The “Naked Licencing” theory was created by US courts to safeguard customers who think that because they purchase a something or service under a certain brand, they would automatically obtain all of the qualities connected with the trademark. It is the responsibility of the trademark owner to exert some degree of control on the calibre of the goods or services offered by its licensee in order to prevent consumers from becoming confused. If there is evidence of naked licencing, the trademark may be deleted from the registration. The Harvard Law Review article “The Rational Basis of Trademark Protection” by Frank Schechter, which advanced the notion that trademarks were no longer merely indicators of origin but an impersonal and anonymous guarantee of satisfaction, also played a significant role in the idea of naked licencing. The Harvard Law Review article “The Rational Basis of Trademark Protection” by Frank Schechter, which advanced the notion that trademarks were no longer merely indicators of origin but an impersonal and anonymous guarantee of satisfaction, also played a significant role in the idea of naked licencing.

The structure of a license

Every trademark licencing agreement must include quality control procedures since trademarks serve commercial reasons and guarantee that the goods and services sold under a certain mark will be of a certain standard of quality. In order to prevent the trademark from being cancelled, the licensor typically inserts a particular clause relating to the quality control system and restrictions on the use of the licenced trademark and the goods and services covered by the mark.

The Barcamerica trademark was invalidated in Barcamerica International USA Trust v. Tyfield Imports, Inc. on the grounds of naked licencing, and the court found that:

Remember that ‘quality control’ does not necessarily imply that the licenced goods or services must be of ‘high’ quality; rather, it only means that they must be of equal quality, whether that quality is high, low, or moderate. The key is that consumers have a right to expect consistency and predictability in the type and quality of products and services supplied under the mark at all authorised locations.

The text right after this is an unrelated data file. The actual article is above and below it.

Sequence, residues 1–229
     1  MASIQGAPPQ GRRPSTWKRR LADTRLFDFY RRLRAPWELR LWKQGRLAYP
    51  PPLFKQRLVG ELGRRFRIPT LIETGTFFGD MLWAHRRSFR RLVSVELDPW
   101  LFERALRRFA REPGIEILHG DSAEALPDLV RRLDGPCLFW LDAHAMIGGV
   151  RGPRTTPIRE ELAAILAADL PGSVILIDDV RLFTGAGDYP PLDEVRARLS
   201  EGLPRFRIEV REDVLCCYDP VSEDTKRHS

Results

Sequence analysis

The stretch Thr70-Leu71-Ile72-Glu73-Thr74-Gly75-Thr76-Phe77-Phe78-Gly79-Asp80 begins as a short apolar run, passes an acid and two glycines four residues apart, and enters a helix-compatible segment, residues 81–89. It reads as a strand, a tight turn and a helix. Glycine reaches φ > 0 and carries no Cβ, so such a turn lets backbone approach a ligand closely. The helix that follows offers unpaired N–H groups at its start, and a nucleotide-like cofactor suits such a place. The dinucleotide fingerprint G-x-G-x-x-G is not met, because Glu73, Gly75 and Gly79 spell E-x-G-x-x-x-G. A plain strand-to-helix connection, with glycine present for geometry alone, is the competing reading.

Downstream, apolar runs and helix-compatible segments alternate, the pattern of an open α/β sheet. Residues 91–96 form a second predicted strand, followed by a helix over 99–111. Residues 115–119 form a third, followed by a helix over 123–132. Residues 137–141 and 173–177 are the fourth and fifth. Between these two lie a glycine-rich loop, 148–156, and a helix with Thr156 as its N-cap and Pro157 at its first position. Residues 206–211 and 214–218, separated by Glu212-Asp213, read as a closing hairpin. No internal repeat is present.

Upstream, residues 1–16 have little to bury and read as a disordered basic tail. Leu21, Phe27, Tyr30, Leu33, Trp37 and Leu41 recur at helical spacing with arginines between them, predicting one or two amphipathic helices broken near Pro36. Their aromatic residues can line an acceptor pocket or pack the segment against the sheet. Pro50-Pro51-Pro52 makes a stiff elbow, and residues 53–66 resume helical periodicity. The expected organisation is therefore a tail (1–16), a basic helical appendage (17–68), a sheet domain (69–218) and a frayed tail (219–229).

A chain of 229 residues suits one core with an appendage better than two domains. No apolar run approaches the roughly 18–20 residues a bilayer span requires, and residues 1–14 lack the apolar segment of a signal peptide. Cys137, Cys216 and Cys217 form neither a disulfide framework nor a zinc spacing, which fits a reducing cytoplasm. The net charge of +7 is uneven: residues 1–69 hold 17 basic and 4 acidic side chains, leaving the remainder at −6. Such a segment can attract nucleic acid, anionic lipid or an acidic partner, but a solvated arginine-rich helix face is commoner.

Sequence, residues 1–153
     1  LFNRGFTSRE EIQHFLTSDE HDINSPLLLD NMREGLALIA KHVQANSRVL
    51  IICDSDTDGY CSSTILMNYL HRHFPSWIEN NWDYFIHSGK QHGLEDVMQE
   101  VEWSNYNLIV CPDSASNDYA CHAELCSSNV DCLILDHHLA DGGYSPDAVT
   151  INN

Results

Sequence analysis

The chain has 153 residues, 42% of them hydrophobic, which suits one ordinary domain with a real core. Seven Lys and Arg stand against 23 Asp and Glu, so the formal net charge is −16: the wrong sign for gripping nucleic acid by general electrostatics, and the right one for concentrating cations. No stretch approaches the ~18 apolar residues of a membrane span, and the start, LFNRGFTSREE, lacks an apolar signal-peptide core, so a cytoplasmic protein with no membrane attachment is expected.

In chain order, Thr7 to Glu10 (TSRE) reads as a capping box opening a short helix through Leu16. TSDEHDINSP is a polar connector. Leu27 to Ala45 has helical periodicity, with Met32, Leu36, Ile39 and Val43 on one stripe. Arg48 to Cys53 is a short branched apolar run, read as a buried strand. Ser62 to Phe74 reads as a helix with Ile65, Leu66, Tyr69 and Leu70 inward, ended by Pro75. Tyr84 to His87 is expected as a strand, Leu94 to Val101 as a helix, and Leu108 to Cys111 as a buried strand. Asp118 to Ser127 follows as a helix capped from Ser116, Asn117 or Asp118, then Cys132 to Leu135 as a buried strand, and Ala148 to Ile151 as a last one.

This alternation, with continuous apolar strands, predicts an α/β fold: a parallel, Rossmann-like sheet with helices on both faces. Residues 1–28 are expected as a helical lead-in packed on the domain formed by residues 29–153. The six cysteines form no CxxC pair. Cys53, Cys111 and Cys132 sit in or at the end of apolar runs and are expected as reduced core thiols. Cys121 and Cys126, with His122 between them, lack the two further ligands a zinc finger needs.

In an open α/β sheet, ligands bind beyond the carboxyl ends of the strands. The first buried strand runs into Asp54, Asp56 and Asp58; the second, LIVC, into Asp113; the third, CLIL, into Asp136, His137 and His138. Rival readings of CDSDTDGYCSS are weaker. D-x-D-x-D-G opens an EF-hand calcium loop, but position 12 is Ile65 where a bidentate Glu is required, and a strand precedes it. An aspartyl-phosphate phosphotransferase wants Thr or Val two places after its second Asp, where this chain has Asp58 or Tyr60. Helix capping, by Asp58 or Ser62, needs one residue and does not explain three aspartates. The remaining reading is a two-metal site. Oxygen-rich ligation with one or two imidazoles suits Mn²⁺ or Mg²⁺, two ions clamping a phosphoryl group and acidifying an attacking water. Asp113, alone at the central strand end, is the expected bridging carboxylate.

In addition to being acknowledged by US courts, the Trade Marks Act, 1999 of India also has particular requirements relating to quality control in the context of licencing a trademark. We may now turn our focus to the Indian situation in this regard.

Provisions governing Naked Licensing of Trademarks in India

The Trademarks Act, of 1999, which addresses trademark licencing in India, recognises the use of a brand by a registered user and that of an allowed user. However, the statute focuses on quality control rather than using the word “naked licencing” specifically. However, the Act does contain a few clauses that can be used to interpret the idea of naked licencing. According to Section 2(1)(r)(ii)(c) and (d), the licensee and the proprietor must engage in a written agreement in some form, and the licensee must abide by all the terms of that agreement. In the cases of Gujarat Bottling Co. Ltd. v. Coca-Cola Co. and Cycle Corporation of India Ltd. v. T.I. Raleigh Industries Pvt. Ltd. & Ors, the court ruled that the failure of a licensee to register as a “registered user” does not affect the rights given to the proprietor in his registered trademarks.

In furtherance to this, Section 49 (1)(b)(i) of the Trademarks Act of 1999, talks about the application, and it says that where there is a registration of a user is involved, there must be an affidavit that details the relationship of the proprietor and the user, and that it should also elaborate on the degree of control over the use of goods or services.

The provisions as mentioned above indirectly relate to naked licensing and the quality control factor involved while licensing a particular trademark. Quality control as a factor in maintaining the distinctive character of a mark has been recognised judicially in India. The apex court in the case of, Coin Holdings Ltd. & Anr. v. Trans Tyres (India) Pvt. Ltd. & Anr, concluded that control can be exercised or imputed in a variety of ways. In some circumstances, the degree of control might be implied by the nature of the existing relationship between the licensor and the licensee. The licensor may require the licensee to produce items in compliance with the specifications and standards set out by the licensor, and may reserve the right to inspect the licensee’s processes and products.